Searching for the silver lining in drinking water disinfection
Pitt Researchers receive $330K to test whether silver modified shower fixtures effectively prevent opportunistic pathogen exposure
Credit: Sarah Haig
PITTSBURGH (July 7, 2020) … As workplaces prepare to reopen, precautionary measures like plexiglass barriers and sanitizer stations have been put in place to help prevent the spread of the novel coronavirus. Researchers and public health experts, however, warn that this might not be the only health concern to worry about.
Buildings that have been relatively abandoned for months likely have stagnant water in the plumbing, and if not treated properly, this can be a breeding ground for bacteria. The National Science Foundation awarded a cross-disciplinary team of researchers from the University of Pittsburgh $330,000 to examine the effect that silver, embedded in shower fixtures, has on water disinfection.
“While the context of our proposed research is showers in homes, offices, healthcare facilities, and gyms under normal operation, the COVID-19 pandemic introduces a new relevance to our project,” said Leanne Gilbertson, assistant professor of civil and environmental engineering (CEE) at Pitt’s Swanson School of Engineering and lead researcher on the study.
Municipally treated drinking water is not sterile. Instead, it is home to many types of microbes, the majority of which are not harmful.
“Typically, the drinking water entering buildings contains a disinfectant residual, such as chlorine, to help prevent and reduce microbial growth,” explained Sarah Haig, assistant professor of CEE at Pitt. “However, changes in water chemistry, building fixtures and building operation, like the long periods without water use (stagnation) recently observed across the world during the COVID-19 pandemic will have unexpected consequences on building water quality.”
According to Haig, the long stretches of stagnation can result in low to no disinfection residual being present in building water. This creates an ideal growth environment for many microbes such as Legionella pneumophila.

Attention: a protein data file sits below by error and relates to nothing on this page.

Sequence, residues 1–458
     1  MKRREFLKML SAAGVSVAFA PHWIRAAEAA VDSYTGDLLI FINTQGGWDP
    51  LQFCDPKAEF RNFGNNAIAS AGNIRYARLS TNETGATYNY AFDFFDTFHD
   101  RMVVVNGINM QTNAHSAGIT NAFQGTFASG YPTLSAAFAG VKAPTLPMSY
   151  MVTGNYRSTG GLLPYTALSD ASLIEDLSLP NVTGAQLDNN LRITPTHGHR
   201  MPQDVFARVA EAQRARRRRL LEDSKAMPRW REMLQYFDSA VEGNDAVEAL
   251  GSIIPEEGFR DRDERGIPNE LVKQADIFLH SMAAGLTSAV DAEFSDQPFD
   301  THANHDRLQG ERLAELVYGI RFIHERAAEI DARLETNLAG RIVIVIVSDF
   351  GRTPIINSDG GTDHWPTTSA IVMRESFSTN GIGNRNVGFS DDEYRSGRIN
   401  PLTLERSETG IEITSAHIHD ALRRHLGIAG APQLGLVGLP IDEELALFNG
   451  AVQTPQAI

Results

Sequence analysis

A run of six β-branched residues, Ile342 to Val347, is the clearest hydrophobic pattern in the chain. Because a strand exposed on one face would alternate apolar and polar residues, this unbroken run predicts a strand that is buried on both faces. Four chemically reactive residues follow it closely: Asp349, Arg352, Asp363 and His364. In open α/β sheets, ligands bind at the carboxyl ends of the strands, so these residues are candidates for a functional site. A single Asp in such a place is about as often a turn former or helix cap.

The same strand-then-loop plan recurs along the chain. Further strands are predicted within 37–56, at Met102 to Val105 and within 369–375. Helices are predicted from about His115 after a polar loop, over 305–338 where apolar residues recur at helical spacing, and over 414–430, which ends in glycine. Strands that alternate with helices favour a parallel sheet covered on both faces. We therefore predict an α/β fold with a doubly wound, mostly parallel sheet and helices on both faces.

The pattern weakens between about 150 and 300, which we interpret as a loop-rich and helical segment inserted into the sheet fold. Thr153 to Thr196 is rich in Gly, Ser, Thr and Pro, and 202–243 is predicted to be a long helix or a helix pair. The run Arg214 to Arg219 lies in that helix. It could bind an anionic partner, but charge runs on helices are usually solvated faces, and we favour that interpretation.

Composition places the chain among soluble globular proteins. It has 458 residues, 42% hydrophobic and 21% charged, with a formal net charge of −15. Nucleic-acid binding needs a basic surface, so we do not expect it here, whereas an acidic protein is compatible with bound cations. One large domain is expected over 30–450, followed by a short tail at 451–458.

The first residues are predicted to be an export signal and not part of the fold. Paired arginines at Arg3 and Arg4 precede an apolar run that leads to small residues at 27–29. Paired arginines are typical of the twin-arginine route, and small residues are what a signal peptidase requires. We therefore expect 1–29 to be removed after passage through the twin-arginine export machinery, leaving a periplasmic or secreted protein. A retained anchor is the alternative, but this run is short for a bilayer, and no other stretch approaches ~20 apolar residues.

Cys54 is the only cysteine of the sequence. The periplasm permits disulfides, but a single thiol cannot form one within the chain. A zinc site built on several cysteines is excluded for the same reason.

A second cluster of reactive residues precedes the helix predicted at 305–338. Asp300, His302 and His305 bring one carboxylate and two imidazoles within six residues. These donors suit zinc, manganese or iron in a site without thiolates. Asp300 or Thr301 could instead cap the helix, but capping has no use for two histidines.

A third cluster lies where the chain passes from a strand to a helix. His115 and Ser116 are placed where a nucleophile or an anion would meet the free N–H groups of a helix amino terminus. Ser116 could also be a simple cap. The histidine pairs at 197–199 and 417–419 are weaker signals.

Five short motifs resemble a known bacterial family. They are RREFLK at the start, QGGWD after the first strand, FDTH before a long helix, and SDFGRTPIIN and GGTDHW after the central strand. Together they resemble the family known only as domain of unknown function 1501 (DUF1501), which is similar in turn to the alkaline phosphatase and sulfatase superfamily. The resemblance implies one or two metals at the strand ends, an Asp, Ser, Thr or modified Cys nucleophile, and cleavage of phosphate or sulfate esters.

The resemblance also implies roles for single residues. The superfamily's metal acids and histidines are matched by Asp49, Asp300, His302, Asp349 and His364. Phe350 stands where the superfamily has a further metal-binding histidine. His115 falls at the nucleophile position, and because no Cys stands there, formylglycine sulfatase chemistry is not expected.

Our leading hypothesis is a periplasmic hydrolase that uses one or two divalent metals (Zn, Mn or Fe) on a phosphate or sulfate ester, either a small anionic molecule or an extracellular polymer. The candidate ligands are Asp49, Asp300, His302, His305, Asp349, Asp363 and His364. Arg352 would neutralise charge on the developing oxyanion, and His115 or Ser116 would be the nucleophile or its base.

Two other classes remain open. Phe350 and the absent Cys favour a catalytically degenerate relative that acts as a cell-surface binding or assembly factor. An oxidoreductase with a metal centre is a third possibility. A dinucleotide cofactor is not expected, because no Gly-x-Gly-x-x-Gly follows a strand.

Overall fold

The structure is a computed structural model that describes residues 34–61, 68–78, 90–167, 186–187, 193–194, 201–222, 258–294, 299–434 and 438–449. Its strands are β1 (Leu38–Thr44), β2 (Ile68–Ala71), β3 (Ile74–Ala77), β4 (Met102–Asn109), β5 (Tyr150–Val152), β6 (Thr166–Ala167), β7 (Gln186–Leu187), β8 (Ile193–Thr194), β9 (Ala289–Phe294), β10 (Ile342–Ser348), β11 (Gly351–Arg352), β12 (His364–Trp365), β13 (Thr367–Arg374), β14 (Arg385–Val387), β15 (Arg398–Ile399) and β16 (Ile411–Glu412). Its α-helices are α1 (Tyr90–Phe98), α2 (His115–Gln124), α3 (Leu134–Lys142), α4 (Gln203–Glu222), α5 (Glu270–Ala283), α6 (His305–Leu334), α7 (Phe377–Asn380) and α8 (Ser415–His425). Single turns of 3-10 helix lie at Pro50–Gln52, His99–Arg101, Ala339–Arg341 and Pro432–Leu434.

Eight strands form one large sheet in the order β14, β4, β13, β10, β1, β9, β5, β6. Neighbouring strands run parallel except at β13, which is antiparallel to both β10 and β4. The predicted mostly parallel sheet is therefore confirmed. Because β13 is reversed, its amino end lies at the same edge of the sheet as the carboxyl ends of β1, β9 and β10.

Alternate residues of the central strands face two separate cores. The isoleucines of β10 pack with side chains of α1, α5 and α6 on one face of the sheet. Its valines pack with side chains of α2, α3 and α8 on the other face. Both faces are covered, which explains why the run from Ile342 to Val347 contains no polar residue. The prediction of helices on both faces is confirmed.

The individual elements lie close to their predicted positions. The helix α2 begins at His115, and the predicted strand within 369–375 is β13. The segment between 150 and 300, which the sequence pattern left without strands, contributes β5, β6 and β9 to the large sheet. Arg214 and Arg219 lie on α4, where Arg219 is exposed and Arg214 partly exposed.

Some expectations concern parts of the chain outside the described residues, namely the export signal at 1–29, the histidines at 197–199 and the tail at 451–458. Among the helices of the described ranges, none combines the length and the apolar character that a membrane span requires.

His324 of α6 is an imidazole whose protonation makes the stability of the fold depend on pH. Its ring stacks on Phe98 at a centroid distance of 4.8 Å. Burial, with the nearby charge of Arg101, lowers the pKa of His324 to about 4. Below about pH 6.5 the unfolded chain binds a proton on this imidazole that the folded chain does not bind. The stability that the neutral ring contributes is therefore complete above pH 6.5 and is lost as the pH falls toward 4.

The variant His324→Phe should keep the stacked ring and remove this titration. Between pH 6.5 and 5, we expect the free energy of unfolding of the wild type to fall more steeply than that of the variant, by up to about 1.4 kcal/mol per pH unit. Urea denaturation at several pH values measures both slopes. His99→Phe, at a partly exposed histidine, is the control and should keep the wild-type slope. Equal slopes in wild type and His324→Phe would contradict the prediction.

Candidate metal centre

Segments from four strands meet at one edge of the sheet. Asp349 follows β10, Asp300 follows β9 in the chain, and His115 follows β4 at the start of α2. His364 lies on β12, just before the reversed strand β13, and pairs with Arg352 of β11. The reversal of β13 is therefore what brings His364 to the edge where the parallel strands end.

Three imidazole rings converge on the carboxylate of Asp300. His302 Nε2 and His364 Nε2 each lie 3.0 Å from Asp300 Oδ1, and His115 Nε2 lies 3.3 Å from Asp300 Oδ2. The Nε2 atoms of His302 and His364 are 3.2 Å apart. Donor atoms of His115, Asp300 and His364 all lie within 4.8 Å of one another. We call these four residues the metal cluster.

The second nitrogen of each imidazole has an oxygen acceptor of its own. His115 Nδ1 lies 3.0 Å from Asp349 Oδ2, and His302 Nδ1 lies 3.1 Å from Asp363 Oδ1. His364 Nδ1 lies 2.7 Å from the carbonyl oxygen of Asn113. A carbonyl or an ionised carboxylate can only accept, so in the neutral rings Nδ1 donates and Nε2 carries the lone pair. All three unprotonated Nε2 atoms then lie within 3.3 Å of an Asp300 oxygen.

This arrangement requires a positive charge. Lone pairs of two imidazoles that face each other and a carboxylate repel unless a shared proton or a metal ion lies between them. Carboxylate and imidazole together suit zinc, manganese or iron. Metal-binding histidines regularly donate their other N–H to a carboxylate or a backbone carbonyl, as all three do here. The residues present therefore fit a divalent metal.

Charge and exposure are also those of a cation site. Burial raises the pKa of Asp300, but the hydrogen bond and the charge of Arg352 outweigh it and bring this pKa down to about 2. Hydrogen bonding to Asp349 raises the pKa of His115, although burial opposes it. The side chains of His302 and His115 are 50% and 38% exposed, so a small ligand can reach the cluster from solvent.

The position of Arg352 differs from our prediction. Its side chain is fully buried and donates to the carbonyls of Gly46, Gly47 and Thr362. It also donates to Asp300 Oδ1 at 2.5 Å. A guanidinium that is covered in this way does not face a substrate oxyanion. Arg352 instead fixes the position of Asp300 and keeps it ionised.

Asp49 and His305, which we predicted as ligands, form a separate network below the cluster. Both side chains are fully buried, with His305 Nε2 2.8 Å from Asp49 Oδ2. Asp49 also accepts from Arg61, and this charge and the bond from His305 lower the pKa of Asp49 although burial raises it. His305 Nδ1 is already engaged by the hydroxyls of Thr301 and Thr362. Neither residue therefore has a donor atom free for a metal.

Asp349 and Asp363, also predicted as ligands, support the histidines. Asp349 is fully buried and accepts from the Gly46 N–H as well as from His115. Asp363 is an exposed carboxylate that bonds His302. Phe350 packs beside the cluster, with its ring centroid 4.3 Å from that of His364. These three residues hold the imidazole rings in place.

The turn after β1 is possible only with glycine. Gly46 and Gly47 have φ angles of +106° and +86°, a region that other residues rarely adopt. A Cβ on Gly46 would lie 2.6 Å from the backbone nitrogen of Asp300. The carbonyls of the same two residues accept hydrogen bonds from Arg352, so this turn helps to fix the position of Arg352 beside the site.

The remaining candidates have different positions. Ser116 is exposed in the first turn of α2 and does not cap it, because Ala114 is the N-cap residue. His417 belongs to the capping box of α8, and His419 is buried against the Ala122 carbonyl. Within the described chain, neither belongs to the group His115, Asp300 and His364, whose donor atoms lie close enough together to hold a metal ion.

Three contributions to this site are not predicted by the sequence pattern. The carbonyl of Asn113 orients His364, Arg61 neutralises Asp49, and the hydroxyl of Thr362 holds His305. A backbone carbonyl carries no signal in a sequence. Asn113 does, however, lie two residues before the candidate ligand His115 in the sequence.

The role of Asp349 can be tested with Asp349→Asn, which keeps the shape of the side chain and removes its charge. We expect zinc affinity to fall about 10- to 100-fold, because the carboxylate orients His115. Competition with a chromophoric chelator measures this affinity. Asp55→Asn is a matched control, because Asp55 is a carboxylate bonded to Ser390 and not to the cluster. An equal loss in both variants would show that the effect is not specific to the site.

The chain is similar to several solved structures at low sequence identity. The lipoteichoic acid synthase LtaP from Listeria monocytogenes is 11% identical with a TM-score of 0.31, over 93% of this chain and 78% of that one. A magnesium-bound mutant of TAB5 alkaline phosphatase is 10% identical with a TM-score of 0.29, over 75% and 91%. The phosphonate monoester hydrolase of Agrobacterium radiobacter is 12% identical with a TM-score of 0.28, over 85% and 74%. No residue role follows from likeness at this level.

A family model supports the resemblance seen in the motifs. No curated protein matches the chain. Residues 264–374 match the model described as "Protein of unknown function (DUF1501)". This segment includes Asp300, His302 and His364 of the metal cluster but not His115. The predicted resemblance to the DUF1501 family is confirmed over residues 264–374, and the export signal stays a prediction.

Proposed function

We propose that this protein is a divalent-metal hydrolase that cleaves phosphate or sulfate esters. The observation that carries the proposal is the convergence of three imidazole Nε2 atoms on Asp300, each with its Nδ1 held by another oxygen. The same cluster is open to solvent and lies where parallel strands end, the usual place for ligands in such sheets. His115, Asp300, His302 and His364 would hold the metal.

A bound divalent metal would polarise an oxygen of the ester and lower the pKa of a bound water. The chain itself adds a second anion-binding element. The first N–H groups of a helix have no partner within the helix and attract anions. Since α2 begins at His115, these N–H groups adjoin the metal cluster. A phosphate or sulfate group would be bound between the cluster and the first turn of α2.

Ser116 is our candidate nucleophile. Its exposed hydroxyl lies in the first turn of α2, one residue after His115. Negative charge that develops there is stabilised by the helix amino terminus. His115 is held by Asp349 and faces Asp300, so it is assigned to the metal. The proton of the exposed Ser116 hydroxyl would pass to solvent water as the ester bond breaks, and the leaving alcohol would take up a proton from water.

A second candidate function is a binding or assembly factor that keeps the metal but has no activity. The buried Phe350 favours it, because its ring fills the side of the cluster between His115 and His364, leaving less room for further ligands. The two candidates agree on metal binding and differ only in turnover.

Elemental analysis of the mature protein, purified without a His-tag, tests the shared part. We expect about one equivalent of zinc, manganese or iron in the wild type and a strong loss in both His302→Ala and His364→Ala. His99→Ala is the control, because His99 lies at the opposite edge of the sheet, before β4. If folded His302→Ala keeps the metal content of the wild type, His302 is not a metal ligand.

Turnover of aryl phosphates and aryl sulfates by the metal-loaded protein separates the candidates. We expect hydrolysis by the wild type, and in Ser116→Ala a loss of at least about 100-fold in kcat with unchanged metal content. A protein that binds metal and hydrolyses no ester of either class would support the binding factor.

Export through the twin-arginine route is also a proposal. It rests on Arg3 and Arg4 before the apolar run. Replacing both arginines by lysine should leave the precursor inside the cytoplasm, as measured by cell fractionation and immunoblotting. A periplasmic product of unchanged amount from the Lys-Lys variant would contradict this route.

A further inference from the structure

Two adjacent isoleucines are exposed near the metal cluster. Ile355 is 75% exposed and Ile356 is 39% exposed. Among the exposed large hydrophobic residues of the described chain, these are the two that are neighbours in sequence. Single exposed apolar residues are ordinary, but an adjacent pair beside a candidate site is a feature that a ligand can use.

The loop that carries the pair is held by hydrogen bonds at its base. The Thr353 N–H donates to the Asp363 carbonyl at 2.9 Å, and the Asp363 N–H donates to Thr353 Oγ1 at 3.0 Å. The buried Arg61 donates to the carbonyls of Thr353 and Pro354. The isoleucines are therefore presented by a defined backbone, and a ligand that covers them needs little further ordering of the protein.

Opportunistic pathogens (OPs) like Legionella pneumophila, which causes the respiratory Legionnaires’ disease, can become airborne simply by turning on a faucet or flushing a toilet. This poses an additional public health threat to a world that is already in the midst of a pandemic. There are various strategies for preventing illness, but researchers have yet to discover a perfect solution.
“Water fixtures containing silver are believed to eliminate bacteria due to the antimicrobial properties of this heavy metal; however, heavy metal exposure is also known to transform some bacteria into antibiotic resistant forms,” said Gilbertson.
Antibiotic resistance is a major threat to global health, food security, and development so Gilbertson and her colleagues will use this award to determine if these silver-coated fixtures provide a viable solution or are perhaps doing more harm than good.
“Many aspects of both the water composition and water fixtures can influence how much and how fast silver interacts with bacteria,” explained Jill Millstone, associate professor of chemistry at Pitt. “We’ll work to quantify these factors and make connections between the presence of OPs and the amount, type, and rate of silver release. Uncovering these relationships should lead to more effective fixture design that maximizes antimicrobial activity and minimizes resistance build-up.”
Janet E. Stout, president of the Special Pathogens Laboratory and an internationally recognized expert on Legionella, will also contribute to this work.
“Conditions in the water systems of about 50 percent of large buildings promote Legionella growth and spread. Fatal infections occur at a rate of up to 30 percent in hospitals and 10 percent in the community. This research explores how we might interrupt the spread right at the fixture,” said Stout, who also holds and appointment as research associate professor of civil and environmental engineering at Pitt.
The research will leverage the unique capabilities of Haig’s INHALE Lab, which houses three full-size shower stalls, each with its own water heater and three showerheads. This enables the research team to investigate the influence of different showerhead materials. The findings will reveal if silver is an effective strategy to mitigate bacteria in shower water as well as if it potentially induces antibiotic resistance.